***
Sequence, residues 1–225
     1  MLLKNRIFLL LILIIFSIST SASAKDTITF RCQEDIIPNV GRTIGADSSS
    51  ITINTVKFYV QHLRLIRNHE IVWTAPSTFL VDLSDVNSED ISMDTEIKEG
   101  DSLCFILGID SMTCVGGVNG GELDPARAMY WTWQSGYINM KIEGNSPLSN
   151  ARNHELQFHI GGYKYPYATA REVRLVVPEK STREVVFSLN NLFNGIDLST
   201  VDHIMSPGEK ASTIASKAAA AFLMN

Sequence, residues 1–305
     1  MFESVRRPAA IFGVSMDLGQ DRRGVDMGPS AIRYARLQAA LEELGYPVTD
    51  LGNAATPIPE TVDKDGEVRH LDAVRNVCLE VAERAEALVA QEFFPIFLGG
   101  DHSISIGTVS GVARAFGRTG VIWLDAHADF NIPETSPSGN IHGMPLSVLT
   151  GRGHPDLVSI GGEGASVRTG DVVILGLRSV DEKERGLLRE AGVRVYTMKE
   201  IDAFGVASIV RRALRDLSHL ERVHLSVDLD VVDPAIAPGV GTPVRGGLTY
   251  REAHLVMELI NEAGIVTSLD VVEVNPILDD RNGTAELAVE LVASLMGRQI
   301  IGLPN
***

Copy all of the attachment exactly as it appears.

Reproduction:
Sequence, residues 1–225
     1  MLLKNRIFLL LILIIFSIST SASAKDTITF RCQEDIIPNV GRTIGADSSS
    51  ITINTVKFYV QHLRLIRNHE IVWTAPSTFL VDLSDVNSED ISMDTEIKEG
   101  DSLCFILGID SMTCVGGVNG GELDPARAMY WTWQSGYINM KIEGNSPLSN
   151  ARNHELQFHI GGYKYPYATA REVRLVVPEK STREVVFSLN NLFNGIDLST
   201  VDHIMSPGEK ASTIASKAAA AFLMN

Sequence, residues 1–305
     1  MFESVRRPAA IFGVSMDLGQ DRRGVDMGPS AIRYARLQAA LEELGYPVTD
    51  LGNAATPIPE TVDKDGEVRH LDAVRNVCLE VAERAEALVA QEFFPIFLGG
   101  DHSISIGTVS GVARAFGRTG VIWLDAHADF NIPETSPSGN IHGMPLSVLT
   151  GRGHPDLVSI GGEGASVRTG DVVILGLRSV DEKERGLLRE AGVRVYTMKE
   201  IDAFGVASIV RRALRDLSHL ERVHLSVDLD VVDPAIAPGV GTPVRGGLTY
   251  REAHLVMELI NEAGIVTSLD VVEVNPILDD RNGTAELAVE LVASLMGRQI
   301  IGLPN